Infertility in Ghana: review and studies of the morphology of the Endometrium

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The normal cyclic changes in the endometrium are closely correlated with those in the ovary and fertility is dependent, at least partly, on the ordered sequence of structural changes in the endometrium which occur during the cycle. Infertility is generally defined as the inability of couples of reproductive age to achieve pregnancy despite active attempts to do so for more than a year previous studies have shown that the incidence of infertility is higher in developing countries than in developed ones. However, there is very little published information on the incidence of infertility in Ghana. The aims of this study, therefore, were to review the background of the infertile patients and to examine the endometriuin by serial ultrasonographic measurement of endometrial thickness and histological study of endometrial biopsy. The average thickness of the endometrium was greater in the secretory phase (infertile patients, 6.50 +/- 1.32mm; fertile patients 7.88 +/-1.55mm) than in the early proliferative phase (infertile patients, 2.16 +/- 0.57mm; fertile patients, 2.50 +/- 1.00mm). The texture of the endometrium varied throughout the stages of the cycle studied. The endometrium was more echogenic in the secretory phase arecho-poor in the proliferative phase. Ninety-three per cent of the endometrial biopsies showed secretory activity and about 7% showed proliferative activity. Further analysis of endometrial specimens in the infertile patients by the traditional histological criteria revealed that 81.35% showed normal endometrial development whereas in a 11.86% endometrial development was retarded. These observations suggest that in the group of infertile women studied, anovulation was not the cause of infertility in large majority of the cases. In about 10% of the Study population1 the development of the endometrium appeared retarded Ultrasonography offered an effective noninvasive method for evaluating the thickness of the endometrium.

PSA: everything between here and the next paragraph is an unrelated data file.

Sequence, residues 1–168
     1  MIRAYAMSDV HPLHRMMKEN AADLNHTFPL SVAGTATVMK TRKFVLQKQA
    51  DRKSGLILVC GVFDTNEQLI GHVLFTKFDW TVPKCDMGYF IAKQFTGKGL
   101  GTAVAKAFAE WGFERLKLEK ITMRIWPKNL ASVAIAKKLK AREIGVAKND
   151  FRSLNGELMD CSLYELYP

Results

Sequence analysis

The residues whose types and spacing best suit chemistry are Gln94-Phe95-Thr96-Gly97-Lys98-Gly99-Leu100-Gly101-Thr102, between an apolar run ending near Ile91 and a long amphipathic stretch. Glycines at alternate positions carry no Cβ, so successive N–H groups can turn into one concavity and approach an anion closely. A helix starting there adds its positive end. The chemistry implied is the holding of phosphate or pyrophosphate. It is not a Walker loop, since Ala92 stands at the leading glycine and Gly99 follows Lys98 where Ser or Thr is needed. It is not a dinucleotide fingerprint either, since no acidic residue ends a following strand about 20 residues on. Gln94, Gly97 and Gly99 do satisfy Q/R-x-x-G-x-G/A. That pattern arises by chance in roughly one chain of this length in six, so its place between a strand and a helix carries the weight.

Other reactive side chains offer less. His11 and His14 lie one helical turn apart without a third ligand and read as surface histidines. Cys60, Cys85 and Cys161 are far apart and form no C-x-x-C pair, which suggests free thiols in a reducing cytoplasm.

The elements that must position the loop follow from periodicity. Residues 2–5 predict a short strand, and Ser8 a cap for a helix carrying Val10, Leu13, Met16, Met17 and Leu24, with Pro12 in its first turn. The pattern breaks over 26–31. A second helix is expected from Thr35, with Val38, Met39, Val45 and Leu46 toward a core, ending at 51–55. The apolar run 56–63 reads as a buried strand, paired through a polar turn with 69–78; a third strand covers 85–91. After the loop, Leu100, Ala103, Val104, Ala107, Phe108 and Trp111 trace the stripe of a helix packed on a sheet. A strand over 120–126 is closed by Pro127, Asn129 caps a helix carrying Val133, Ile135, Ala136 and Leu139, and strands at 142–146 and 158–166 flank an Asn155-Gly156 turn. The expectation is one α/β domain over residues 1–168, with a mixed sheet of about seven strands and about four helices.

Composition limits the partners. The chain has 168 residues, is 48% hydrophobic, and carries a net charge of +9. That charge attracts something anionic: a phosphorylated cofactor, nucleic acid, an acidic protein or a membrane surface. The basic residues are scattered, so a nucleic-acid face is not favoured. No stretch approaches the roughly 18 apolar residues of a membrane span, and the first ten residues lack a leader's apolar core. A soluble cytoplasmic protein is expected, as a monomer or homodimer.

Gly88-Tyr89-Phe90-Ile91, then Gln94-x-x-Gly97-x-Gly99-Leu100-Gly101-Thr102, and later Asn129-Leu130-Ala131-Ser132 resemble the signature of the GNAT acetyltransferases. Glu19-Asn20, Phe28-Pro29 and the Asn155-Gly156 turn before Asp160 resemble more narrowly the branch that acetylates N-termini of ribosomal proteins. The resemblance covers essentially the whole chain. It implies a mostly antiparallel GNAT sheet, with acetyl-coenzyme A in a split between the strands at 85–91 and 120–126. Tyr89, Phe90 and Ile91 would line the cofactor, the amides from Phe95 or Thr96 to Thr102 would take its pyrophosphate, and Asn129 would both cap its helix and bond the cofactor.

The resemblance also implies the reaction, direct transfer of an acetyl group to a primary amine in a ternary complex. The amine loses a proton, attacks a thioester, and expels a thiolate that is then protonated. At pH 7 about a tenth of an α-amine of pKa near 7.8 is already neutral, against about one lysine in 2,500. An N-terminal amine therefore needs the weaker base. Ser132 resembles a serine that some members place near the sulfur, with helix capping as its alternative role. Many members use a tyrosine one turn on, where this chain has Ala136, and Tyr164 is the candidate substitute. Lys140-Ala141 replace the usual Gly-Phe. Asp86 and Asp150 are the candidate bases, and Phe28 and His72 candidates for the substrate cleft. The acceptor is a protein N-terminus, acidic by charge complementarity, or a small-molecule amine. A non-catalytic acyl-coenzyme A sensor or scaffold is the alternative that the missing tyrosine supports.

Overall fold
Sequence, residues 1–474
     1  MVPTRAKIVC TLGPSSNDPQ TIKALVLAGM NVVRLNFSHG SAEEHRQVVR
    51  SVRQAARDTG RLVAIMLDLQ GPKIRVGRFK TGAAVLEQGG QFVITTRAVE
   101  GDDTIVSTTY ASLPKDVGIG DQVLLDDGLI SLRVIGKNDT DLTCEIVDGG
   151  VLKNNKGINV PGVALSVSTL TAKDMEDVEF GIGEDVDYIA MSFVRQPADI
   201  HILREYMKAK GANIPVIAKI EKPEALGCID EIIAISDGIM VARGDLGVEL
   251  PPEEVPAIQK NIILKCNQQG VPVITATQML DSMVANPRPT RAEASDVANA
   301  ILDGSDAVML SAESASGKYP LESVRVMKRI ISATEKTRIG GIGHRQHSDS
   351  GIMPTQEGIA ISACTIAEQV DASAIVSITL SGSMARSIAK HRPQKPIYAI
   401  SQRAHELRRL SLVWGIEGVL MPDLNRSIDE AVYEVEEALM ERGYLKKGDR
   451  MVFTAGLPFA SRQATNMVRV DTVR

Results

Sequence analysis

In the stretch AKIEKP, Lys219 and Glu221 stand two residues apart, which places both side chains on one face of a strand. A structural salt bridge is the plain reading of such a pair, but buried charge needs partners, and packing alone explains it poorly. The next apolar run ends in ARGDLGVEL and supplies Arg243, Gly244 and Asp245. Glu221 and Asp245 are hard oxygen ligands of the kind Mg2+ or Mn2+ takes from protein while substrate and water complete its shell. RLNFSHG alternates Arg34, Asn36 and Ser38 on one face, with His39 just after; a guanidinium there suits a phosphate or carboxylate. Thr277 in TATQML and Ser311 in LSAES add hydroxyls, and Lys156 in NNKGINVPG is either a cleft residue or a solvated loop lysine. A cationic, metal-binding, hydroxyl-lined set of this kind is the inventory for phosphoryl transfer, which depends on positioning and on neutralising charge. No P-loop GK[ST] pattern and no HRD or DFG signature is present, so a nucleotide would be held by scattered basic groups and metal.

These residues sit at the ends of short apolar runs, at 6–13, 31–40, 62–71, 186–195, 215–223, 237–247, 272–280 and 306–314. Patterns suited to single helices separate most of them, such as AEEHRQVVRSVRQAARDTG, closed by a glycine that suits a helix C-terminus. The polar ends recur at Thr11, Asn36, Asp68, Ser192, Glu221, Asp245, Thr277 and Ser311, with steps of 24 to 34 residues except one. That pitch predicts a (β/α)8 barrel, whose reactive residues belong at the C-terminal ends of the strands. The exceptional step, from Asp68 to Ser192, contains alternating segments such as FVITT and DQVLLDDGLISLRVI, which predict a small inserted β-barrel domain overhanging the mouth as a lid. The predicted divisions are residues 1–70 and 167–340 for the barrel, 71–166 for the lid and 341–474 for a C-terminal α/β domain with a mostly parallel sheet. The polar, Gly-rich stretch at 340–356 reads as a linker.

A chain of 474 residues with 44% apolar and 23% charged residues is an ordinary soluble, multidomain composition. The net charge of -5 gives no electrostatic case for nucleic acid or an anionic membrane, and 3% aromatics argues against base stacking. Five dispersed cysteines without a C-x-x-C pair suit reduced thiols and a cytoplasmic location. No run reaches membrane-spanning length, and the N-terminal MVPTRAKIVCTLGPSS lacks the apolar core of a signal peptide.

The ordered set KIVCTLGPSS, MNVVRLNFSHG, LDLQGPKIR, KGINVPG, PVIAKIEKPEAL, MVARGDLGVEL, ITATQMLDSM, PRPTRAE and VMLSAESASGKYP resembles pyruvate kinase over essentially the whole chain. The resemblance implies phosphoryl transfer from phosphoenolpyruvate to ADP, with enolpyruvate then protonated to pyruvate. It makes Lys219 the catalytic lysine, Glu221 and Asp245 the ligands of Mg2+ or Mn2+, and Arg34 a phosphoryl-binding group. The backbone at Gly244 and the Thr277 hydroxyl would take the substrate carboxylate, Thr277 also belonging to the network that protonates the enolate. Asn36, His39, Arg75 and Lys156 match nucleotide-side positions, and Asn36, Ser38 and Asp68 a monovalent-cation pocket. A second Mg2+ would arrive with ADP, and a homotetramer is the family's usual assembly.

A thesis submitted to the Board of Postgraduate Studies, Kwame Nkrumah University of Science and Technology, Kumasi, in partial fulfilment of the requirement for the award of the Degree of Master of Science in Reproductive Biology, 1996